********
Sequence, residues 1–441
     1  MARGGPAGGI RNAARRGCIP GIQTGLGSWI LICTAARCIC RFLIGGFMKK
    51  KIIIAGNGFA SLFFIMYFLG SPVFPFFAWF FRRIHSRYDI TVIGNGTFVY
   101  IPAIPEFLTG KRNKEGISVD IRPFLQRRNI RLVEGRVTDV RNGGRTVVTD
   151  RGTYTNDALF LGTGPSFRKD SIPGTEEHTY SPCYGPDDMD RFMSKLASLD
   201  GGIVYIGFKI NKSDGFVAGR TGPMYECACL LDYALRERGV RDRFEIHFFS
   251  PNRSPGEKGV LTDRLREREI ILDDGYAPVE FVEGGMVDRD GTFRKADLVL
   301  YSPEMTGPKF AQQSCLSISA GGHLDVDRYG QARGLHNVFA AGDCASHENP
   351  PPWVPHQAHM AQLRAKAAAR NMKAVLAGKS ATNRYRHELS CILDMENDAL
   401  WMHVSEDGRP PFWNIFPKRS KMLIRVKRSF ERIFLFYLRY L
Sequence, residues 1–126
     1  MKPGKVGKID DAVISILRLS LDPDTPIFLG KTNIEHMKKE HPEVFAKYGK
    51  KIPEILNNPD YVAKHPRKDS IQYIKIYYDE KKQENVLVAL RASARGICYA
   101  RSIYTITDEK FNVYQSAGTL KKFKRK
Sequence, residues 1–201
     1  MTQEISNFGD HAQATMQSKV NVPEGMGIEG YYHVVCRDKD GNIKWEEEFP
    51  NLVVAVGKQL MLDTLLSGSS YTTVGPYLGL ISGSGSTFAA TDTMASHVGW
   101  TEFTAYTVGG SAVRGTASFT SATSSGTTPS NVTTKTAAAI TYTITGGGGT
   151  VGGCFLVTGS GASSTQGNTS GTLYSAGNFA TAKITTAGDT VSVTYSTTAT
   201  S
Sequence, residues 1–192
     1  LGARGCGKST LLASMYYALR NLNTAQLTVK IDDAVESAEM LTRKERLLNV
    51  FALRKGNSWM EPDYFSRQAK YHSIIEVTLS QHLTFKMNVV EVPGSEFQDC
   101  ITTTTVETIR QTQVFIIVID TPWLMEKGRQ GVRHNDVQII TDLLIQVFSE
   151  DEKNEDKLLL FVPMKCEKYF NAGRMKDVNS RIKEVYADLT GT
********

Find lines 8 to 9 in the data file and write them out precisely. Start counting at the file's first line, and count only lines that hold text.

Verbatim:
   301  YSPEMTGPKF AQQSCLSISA GGHLDVDRYG QARGLHNVFA AGDCASHENP
   351  PPWVPHQAHM AQLRAKAAAR NMKAVLAGKS ATNRYRHELS CILDMENDAL